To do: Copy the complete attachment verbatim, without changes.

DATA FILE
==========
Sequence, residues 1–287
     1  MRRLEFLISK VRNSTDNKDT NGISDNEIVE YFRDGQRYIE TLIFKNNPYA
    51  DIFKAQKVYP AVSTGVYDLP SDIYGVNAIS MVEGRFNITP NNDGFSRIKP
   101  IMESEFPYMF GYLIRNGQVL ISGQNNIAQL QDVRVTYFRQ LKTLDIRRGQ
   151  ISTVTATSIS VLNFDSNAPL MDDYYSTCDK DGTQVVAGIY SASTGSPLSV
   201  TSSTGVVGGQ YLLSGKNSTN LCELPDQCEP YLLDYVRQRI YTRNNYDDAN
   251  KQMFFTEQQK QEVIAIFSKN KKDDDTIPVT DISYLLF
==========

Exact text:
Sequence, residues 1–287
     1  MRRLEFLISK VRNSTDNKDT NGISDNEIVE YFRDGQRYIE TLIFKNNPYA
    51  DIFKAQKVYP AVSTGVYDLP SDIYGVNAIS MVEGRFNITP NNDGFSRIKP
   101  IMESEFPYMF GYLIRNGQVL ISGQNNIAQL QDVRVTYFRQ LKTLDIRRGQ
   151  ISTVTATSIS VLNFDSNAPL MDDYYSTCDK DGTQVVAGIY SASTGSPLSV
   201  TSSTGVVGGQ YLLSGKNSTN LCELPDQCEP YLLDYVRQRI YTRNNYDDAN
   251  KQMFFTEQQK QEVIAIFSKN KKDDDTIPVT DISYLLF